Vitiello said he often heard from his restaurant customers that they wished he had a location in Saratoga Springs.
“We’re making life easier for our great customers in Saratoga so they don’t have to drive to Ballston Spa,” said Vitiello. “It’s a great Eastside location, across from the park where there’s lots of activity and a big population of families that want good, wholesome Italian food at a reasonable price just a phone call away. I see a niche for that, and I think it will do really well.”
Vitiello is taking over the former pizzeria at 223 Lake Avenue, just across from East Side Recreation Park, which has been empty for about a year.
“The landlord has been doing extensive renovations to the property,” said Vitiello, “and he’s excited having me join the property and bring it back to life. We’re anticipating an opening date in mid-January.”
Vitiello has originally opened his restaurant in Larchmont in 1990, and moved to Ballston Spa in 2004.
“It’s been great,” he said. “We’ve been growing all the time, constantly expanding what we do. We’ve expanded our footprint in the restaurant and now have two private dining rooms for private parties and banquets. It’s been pretty active and promising.”
SARATOGA COUNTY — There is something so quintessentially American about “bootstrapping,” and no one does it better than entrepreneurs and small business owners. Building a business from nothing more than an idea, sweat, and a prayer is a courageous undertaking. It’s something to think about the next time you walk into a small shop filled with hand-made soaps. Or dine at a local restaurant built from a grandparent’s secret recipe. Or even when you pay your neighbor’s kid to mow your lawn.
When a small business owner falls down, he has to pick himself up by his own bootstraps. There are no shareholders to lean on. No high-retainer attorneys or accountants to offer advice. An entrepreneur knows that each mistake could be her last. She knows if she doesn’t work today, she doesn’t get paid.
“When you have your own business, everything is personal. It’s your livelihood. For other people, it’s your job, but for us, it’s our lives, it’s what we do. Even when we aren’t here, we’re thinking about it, thinking about how to make it better,” said Maddy Zanetti, managing partner at Impressions of Saratoga and vice president of the Saratoga Springs Downtown Business Association. “The scariest part is believing in yourself, believing that you can run a store and be successful. You don’t have an employer to worry about that; it’s just you. Of course we couldn’t do it without all our employees, but as a business owner, you are putting yourself out there.”
The risks are so high; you wonder why anyone would even do it. Much as you might wonder why a farm boy in Utah would put his last dime into inventing an electronic camera tube (which led to the first television), or why hundreds of thousands of pioneers would pile whole families into covered wagons to build a new life – and new cities – across wild lands with nothing but the raw skills of brain and brawn.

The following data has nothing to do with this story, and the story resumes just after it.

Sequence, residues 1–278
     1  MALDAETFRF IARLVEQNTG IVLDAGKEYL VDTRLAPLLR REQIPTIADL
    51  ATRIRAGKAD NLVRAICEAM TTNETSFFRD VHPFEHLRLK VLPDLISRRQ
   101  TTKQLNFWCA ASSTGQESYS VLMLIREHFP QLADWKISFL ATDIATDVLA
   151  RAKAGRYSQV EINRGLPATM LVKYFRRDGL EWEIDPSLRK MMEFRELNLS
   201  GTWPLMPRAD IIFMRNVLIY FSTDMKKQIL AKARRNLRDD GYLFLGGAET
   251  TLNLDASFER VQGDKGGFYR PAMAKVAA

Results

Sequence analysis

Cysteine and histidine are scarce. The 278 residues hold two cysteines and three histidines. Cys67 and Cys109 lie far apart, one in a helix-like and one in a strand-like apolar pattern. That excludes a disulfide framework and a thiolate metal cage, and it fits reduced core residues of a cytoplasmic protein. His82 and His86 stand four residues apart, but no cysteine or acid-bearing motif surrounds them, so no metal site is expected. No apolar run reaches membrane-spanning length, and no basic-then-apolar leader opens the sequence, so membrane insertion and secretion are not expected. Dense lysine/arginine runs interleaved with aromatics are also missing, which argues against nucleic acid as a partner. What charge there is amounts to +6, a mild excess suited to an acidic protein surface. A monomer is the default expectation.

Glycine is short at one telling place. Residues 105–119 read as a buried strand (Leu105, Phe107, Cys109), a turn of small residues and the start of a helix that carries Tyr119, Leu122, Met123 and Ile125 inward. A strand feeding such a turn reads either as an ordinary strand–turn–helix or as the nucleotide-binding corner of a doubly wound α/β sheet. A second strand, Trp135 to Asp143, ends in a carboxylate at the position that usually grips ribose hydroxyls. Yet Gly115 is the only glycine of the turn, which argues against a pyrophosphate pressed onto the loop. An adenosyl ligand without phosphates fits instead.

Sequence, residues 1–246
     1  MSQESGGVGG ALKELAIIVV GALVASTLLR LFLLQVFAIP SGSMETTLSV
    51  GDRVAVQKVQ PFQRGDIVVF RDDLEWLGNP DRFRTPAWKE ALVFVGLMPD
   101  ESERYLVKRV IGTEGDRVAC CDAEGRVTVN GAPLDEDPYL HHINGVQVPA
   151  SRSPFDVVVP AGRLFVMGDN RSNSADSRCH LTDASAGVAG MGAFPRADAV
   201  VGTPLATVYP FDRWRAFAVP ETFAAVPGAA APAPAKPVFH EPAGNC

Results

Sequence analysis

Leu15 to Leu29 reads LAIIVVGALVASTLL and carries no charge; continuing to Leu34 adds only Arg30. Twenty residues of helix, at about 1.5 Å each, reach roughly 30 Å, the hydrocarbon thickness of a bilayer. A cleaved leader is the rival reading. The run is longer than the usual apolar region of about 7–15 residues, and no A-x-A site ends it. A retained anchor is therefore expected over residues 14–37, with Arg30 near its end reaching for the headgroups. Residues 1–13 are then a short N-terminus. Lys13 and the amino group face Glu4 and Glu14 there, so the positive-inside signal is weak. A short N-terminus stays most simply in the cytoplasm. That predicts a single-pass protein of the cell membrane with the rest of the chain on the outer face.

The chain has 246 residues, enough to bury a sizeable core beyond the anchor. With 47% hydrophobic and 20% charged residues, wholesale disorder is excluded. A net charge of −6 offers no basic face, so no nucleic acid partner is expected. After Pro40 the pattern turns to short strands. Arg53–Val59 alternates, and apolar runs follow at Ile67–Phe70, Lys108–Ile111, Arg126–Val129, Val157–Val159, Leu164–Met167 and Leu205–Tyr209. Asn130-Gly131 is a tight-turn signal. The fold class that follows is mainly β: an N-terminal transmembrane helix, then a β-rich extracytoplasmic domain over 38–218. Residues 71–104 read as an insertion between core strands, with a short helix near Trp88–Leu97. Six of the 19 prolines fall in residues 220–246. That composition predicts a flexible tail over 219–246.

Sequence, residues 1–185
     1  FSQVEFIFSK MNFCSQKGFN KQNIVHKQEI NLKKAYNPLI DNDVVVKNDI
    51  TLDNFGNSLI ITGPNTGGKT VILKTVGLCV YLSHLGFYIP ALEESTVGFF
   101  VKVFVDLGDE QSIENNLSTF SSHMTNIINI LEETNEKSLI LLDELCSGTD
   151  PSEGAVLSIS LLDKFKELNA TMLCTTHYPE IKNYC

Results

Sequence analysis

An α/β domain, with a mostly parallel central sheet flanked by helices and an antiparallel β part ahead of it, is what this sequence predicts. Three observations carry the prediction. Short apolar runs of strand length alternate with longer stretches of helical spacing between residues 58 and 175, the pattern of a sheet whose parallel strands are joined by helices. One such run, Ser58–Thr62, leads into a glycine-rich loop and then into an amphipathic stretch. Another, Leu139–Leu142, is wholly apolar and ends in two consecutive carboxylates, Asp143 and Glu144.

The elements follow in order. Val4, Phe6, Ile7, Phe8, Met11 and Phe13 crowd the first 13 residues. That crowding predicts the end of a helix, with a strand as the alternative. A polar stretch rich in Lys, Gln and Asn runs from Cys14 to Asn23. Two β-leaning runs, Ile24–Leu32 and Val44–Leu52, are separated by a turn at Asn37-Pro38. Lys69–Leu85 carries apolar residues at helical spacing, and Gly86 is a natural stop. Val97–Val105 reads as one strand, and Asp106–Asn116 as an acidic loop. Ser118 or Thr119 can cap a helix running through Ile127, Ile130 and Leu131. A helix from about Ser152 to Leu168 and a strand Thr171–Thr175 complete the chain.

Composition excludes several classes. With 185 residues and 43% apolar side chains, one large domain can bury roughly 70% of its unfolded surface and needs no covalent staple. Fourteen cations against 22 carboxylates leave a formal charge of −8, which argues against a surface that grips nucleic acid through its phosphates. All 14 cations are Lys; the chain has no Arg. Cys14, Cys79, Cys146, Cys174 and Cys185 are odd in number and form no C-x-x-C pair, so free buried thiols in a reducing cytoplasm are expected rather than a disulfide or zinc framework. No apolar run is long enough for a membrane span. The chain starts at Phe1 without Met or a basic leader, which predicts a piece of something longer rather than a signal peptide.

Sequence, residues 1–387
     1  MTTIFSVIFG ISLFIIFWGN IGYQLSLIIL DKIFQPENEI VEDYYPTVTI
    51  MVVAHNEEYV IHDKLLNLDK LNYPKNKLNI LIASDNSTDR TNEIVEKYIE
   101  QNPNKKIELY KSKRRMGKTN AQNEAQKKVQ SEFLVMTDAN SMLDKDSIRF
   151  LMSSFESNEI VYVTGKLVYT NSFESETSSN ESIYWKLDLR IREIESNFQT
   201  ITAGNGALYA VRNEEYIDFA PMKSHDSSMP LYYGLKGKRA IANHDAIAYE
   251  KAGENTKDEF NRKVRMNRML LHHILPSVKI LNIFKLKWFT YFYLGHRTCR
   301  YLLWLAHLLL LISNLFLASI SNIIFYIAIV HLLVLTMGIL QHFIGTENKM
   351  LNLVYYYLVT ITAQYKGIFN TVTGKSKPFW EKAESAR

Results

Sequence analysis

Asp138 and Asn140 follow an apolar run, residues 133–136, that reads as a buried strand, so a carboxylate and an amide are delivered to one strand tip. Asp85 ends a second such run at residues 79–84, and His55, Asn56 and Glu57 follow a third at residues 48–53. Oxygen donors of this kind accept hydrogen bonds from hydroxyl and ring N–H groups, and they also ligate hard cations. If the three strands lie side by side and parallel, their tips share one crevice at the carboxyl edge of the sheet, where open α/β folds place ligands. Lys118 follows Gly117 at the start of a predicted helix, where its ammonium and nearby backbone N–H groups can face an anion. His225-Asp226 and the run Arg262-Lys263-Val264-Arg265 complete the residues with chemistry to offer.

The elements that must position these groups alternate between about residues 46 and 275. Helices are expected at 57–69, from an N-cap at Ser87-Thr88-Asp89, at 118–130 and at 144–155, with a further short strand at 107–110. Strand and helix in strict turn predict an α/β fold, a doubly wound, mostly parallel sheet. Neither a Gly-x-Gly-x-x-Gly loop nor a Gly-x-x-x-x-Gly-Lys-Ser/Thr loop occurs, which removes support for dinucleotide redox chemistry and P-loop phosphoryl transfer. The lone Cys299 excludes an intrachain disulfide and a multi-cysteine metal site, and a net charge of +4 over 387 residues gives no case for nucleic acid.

Debi Gustafson, co-owner of Ye Olde Wishin’ Shoppe at 19 Low Street, Suite 2 (side entrance) in Ballston Spa, said, “The whole thing is a risk really. We had all this inventory and opened the store, and put our own savings in it. A big box store probably has investors and such. For us, it’s a family business, and we’re here every day working all the time. You put your whole life into it.”
Small business owners know they must master being flexible in uncertain times and changing circumstances, or close up shop. Gustafson said her family’s business began with her grandparents, and at one point they lost the shop they were renting because the building was being renovated. For a while, it was running out of her grandfather’s house and her grandma was selling items on eBay. Now they have a brick-and-mortar shop that Gustafson says has been doing better each year since it opened three years ago.
“We’ve evolved into vintage clothing and jewelry and vinyl records,” said Gustafson. “We also now have a lot of handmade local jewelry and other items, including a local photographer with vintage photos.”
The Small Business Saturday initiative that began in 2010 recognizes the tremendous economic contribution entrepreneurs and small business owners have made to the strength of this country. The annual event has proven that shopping small keeps local dollars in the community, positively affecting job creation and economic growth in locales across the U.S.
“I think this is our seventh Small Business Saturday,” said Zanetti. “We’ve done it every year they’ve had it, and it’s grown each year. We don’t offer discounts, but we have a raffle and food samplings and hot cider as a thank you to our customers. We have longer hours and give them the best service possible. We feel offering a discount on that day takes away from what Small Business Saturday is all about, supporting small businesses and giving back to the community.”
Small businesses offer more personalized service, more variety and unique items, and are very likely supporters of local nonprofits and other community initiatives. The majority of dollars spent in a small business stay in that locale. Shopping small on Small Business Saturday, and every day, is one way to say “thank you” to the innovators, artisans, service providers, and other pioneers who keep America working.